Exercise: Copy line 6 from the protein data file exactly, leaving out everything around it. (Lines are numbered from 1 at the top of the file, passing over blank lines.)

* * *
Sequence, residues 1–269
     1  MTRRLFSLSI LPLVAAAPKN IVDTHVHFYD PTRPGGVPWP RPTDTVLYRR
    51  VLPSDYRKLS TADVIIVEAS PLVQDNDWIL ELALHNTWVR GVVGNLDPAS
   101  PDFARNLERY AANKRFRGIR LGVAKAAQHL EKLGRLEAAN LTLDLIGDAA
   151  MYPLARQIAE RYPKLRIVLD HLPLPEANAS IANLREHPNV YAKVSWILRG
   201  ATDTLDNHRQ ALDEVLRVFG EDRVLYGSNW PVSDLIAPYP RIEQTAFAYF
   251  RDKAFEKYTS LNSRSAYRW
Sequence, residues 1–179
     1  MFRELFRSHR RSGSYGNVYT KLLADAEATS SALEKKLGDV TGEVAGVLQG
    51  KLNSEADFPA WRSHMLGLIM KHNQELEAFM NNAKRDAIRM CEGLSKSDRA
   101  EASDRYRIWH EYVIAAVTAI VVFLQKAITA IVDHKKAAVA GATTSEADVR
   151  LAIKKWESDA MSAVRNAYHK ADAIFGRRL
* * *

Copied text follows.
   201  ATDTLDNHRQ ALDEVLRVFG EDRVLYGSNW PVSDLIAPYP RIEQTAFAYF